During the day, you would be lucky to find more than two lanes open at any given time. Normally, that wouldn’t be an issue, but when you have a store full of octogenarians who often buy food together and pay by check, you end up with issues. I was in line last week behind two women who had one cart of stuff divided into five separate batches of food that all had to be checked out separately and paid for with different payment types. Fortunately for them, every batch was fewer than 15 items so, naturally, they were in the express lane.
While I’m on the topic of express lanes and strange customers, when I was there tonight, a manager opened an extra express lane, but blocked it off with a sign and shut off the numbered lamp as the store got less busy so he could go back to whatever it is managers do. No one seemed to care. Several people – one woman pushing 90 wearing a full girl scout uniform (scout’s fucking honor!) – just walked around the sign and got in line.
Finally, since there are at least a few normals that shop here, how about a self checkout stand. I realize this could be an unmitigated disaster since many of the folks in the store probably don’t even know how to use a remote control for a television, but maybe try an experiment for those of us who do.
How about you widen the aisles or something?
I feel for the older folks who come in there on a regular basis and the many disabled as well. The aisles are so narrow, they barely fit one person at a time let alone a person, his zip scooter, an oxygen tank and the oversized nurse helping him shop.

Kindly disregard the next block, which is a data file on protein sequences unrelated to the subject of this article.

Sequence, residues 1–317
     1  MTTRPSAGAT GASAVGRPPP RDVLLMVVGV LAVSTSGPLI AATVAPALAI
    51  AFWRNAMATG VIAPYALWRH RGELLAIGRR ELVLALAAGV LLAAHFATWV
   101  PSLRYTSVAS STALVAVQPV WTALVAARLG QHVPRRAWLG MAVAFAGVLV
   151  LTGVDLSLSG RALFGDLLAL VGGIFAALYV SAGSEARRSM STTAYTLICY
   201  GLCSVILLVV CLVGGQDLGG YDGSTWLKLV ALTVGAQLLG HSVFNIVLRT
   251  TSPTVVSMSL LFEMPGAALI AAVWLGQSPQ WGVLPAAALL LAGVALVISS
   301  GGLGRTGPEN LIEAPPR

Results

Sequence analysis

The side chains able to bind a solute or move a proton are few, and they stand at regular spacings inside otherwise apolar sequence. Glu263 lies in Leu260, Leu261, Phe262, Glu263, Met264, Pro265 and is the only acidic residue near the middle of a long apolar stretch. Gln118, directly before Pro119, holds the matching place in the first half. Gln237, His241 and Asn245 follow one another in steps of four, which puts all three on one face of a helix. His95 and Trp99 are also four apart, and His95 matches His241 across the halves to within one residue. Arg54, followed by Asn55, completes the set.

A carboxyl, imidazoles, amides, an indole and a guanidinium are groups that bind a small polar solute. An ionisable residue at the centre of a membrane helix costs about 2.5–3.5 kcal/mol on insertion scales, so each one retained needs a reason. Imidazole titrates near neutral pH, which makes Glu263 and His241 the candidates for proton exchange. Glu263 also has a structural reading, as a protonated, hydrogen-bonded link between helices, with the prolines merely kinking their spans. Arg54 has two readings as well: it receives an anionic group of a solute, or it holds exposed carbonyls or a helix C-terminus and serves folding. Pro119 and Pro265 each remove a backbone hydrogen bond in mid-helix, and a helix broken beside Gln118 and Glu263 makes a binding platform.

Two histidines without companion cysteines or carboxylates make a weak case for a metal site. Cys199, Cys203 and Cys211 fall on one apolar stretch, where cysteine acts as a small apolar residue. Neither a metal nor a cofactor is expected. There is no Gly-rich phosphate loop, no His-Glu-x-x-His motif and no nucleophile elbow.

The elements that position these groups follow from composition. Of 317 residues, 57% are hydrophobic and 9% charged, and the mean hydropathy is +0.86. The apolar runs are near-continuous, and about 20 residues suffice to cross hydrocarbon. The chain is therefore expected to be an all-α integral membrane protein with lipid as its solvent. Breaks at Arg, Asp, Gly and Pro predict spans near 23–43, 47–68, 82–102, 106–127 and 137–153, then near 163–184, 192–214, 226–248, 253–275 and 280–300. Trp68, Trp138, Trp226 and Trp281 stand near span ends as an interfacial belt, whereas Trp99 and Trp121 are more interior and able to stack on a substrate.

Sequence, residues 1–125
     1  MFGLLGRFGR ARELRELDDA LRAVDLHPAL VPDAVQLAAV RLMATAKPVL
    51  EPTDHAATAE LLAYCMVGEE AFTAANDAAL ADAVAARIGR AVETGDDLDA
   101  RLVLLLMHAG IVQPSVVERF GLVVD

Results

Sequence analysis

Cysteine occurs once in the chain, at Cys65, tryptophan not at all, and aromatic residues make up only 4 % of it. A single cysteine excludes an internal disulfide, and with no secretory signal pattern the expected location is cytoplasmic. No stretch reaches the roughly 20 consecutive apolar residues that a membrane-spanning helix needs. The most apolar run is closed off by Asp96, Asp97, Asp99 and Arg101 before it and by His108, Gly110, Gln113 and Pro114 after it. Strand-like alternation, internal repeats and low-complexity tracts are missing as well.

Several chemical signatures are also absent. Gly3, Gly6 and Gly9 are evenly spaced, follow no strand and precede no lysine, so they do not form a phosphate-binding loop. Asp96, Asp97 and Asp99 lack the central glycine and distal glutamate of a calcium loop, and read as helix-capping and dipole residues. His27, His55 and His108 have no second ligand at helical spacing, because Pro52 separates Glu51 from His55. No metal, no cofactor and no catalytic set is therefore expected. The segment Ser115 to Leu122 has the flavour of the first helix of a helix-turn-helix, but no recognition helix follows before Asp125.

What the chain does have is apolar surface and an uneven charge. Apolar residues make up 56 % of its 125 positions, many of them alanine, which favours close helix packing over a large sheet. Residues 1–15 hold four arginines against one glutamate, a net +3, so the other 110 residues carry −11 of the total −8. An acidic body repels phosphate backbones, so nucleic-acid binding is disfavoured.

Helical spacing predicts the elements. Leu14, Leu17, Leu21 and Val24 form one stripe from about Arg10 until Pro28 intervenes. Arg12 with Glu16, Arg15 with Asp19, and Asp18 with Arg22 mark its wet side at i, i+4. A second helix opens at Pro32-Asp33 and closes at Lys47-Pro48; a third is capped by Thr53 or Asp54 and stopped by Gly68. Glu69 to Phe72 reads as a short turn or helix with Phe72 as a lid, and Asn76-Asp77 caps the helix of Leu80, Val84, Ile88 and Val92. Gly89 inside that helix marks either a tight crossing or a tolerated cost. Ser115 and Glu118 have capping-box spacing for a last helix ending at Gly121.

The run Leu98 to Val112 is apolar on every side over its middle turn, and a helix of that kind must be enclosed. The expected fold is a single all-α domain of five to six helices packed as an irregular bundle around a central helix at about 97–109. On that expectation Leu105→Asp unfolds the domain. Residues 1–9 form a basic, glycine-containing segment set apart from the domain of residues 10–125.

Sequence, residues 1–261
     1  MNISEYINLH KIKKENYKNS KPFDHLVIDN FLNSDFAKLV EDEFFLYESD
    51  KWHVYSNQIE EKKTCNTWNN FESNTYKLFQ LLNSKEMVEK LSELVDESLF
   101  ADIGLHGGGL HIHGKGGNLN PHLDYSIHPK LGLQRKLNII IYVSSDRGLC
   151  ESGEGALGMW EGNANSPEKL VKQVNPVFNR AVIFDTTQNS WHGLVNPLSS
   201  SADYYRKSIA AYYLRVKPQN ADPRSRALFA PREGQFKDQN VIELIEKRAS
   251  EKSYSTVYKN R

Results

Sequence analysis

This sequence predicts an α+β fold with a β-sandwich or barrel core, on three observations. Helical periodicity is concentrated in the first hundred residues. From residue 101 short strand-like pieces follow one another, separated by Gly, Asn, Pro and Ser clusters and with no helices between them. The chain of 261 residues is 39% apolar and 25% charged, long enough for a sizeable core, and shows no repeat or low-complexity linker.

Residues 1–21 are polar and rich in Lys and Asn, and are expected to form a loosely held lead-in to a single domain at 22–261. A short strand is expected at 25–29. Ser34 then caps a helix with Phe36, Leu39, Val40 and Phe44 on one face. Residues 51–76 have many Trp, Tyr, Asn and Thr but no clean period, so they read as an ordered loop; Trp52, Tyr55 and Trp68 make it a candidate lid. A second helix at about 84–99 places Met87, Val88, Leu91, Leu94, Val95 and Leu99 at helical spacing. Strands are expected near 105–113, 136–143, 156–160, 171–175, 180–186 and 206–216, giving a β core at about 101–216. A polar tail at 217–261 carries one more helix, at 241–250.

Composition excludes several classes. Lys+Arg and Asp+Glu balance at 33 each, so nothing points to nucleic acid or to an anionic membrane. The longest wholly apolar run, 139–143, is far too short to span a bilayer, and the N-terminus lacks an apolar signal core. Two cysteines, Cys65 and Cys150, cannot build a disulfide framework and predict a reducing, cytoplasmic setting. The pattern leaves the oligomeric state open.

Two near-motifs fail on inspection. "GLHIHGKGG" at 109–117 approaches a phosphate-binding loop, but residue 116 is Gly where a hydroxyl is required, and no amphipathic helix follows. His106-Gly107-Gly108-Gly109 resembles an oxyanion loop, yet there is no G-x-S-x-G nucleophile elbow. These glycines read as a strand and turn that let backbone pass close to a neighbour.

It also doesn’t help that the store is often populated with some really odd characters who seem to stand and stare for what seems like hours at toothpaste or milk or tampons. One guy tonight was in an aisle when I walked into the store and still in the same spot when I left. I assume he was comparing the price of canned peaches to determine if Dole had enough nutritional value to justify losing the ten cents off coupon he had for Libby’s, but what the hell do I know?
Departments are more like compartments.
Speaking of small, what made them think that a customer service desk the size of a toll booth was big enough for the dozens who want to cash their social security checks twice a month? And I really hope you don’t want a birthday cake (you don’t!) from the bakery since the counter space is smaller than the jewelry display case my ex-wife and I used to haul to shows all over Texas (yeah, I sold jewelry…you wanna make something of it?).
I’m just saying that if your meat department offers only two cuts of beef and one of them is “ground,” that isn’t exactly what I’d call a wide selection. Just something to consider.
Which way do I park?
Finally, what kind of crazy bastard designed this parking lot? Angled parking is fine. It’s not the smartest way to go for traffic, but with all the giant ass cars people drive around, it’s probably a necessity.
However, don’t have the parking angled BOTH WAYS IN THE SAME LANE!!! I don’t have to do a million dollar traffic flow study to tell you that a lane that is really only big enough for one-and-a-half cars and has angled parking going in both directions is going to be a freaking disaster.
Now, add that parking to a lot where a LOT of very old and disabled people park. It’s like putting all compact car spaces at Whole Foods for all the Hummers – oh, right, they do that too.
Ingress and egress needs to be ultra easy when you have a bunch of people with cataracts driving giant Oldsmobuicks. It’s science.
I’m not a grocery store expert even though my four years of work at Kroger in high school does qualify me for upper management at Food City, but I can tell you that Zombie Kroger is terrifying, even more so than Ghetto Kroger and that is saying something.